Whole Grain Tabouleh

This is one of my go-to summer recipes.  It's delicious if you follow the recipe, however, I've made a rendition of this before where I used the recipe as a guideline and threw in whatever I had and it was even better.  Let your creativity and taste buds take the lead!  This recipe comes from Simply in Season.

  • 1 cup uncooked bulgar, quinoa, or couscous
  • 1/4 cup green onions or onion, chopped
  • 2 tomatoes, chopped
  • 1/2 cup fresh cilantro, parsley, or mint
  • 1 cup fresh veggies: cucumbers, green or red sweet peppers, hot peppers, carrots, summer squash, diced
  • 1 cup cooked chickpeas (optional)
  • basil, chopped (optional)
  • 2 T. lemon juice
  • 2 T. olive oil
  • salt and pepper
  1. Prepare grain, fluff lightly with a fork and cool.
  2. Add veggies & chickpeas in with cooled grains.
  3. Mix lemon juice, olive oil, salt and pepper, and pour over salad.  
  4. Toss gently.

Tofu Broccoli Cashew Peanut Madness!

I recently borrowed the cookbook From Asparagus to Zucchini: A Guide to Cooking Farm-Fresh Seasonal Produce.  This cookbook is put out by the Fairshare CSA Coalition and features a lot of easy and delicious recipes that can be made from a CSA share.  It also includes many helpful hints about how to keep produce fresh throughout the week.  I saw this recipe and it looks delicious and easy.  Hoping to make it sometime this week!

  • 1 T. butter or oil
  • 1 large onion, chopped
  • 1 clove of garlic, minced
  • 1 pound herberd or plain tofu, cubed
  • 2 T. tamari or soy sauce, divided
  • 1/2-3/4 cup peanut butter, preferably chunky
  • 2-3 t. lemon juice
  • 1/4 t cumin or more to taste
  • hot pepper,  minced to taste or powdered cayenne
  • 1 medium head broccoli, chopped
  • hot, cooked brown rice
  • handful of roasted cashews, chopped
  • salt to taste
  • optional additions: chopped cilantro, a few leaves of wilted kale or chard, chopped cucumber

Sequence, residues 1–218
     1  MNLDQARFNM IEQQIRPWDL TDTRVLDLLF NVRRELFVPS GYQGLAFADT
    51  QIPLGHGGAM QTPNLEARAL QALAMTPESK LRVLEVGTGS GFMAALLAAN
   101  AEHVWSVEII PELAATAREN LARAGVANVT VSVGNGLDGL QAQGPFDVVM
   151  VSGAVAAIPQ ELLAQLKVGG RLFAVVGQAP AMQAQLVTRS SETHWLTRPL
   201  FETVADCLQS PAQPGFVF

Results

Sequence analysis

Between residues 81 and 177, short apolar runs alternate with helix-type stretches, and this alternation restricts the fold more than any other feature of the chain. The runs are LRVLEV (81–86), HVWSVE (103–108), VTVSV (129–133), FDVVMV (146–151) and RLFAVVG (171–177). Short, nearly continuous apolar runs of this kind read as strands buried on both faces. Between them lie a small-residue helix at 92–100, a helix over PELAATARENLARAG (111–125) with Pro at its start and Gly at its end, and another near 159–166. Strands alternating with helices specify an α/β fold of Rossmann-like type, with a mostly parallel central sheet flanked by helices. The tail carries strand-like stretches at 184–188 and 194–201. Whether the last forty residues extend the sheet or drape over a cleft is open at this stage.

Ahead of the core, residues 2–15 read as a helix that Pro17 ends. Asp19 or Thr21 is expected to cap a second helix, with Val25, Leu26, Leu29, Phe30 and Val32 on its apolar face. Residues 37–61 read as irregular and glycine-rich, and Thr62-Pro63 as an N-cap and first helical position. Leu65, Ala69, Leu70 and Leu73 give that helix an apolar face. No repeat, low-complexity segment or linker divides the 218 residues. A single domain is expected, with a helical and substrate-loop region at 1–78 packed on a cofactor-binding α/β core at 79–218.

1. Heat butter or oil in skillet.  Add onion, garlic, and hot pepper (if using) and saute until soft.
  2. Add tofu and 1 T. tamari or soy sauce and saute until brown.  Remove from pan.
  3. In the same pan, mix peanut butter, lemon juice, remaining T. of tamari/soy sauce, cumin, cayenne (if using), and a pinch of salt.  Thin with up to 1 cup of water to get a gravy-like consistency.  Stir in tofu mixture.
  4. Steam broccoli.  Saute greens (if using).
  5. Serve sauce over broccoli and brown rice, topped with cashews, cilantro (optional), and cucumber (optional).

Kohlrabi Salad

We know, we know, we're giving you another kohlrabi to figure of what to do with.  I found this recipe on Food 52 and thought it looked like a nice, simple, and quick way to use up that kohlrabi.  This recipe serves 2.

  • head kohlrabi
  • 1/2 apple, such as Gala
  • tablespoons rice vinegar
  • tablespoons sesame oil
  • 1/2 bird's eye chili or a squirt of sriracha
  • pinch cumin
  • 1/2 teaspoon fish sauce
  • tablespoons chopped cilantro
  • Salt & freshly ground pepper to taste
  1. With a sharp knife, cut off the “branches” of the kohlrabi. Peel it with a vegetable peeler.
  2. Cut the kohlrabi into matchsticks either using a sharp knife of a mandolin (I used the latter). Do the same with the apple.
  3. Toss the kohlrabi and the apple with the remaining ingredients and chill before eating.

Day Before CSA Pick Up Stir-fry

It's the day before CSA pick up and you look in your fridge and realize you still have a smattering of produce from last week (any maybe even a bok choy from two weeks ago).  This is a good time to whip together a spontaneous, no-recipe-needed, fridge-cleanin' stir fry!  Since I said there is no need for a recipe, let me just give you a few guidelines I like to follow when making a stir fry.  

First off, just about any vegetable can be thrown into a stir fry and either taste delicious or be hidden amongst the deliciousness that is this dish.  Radishes, kohlrabi, cabbage, no problem!  

Secondly, I like to have something in the onion family, a few roots, and some leaves.  It's all the better if you've got some tasty cilantro or parsley hanging around.  You can add the vegetable mix to either noodles, rice, or some other grain.  There are many kinds of sauce you can make and add in and I've added a couple of types towards the bottom of this page.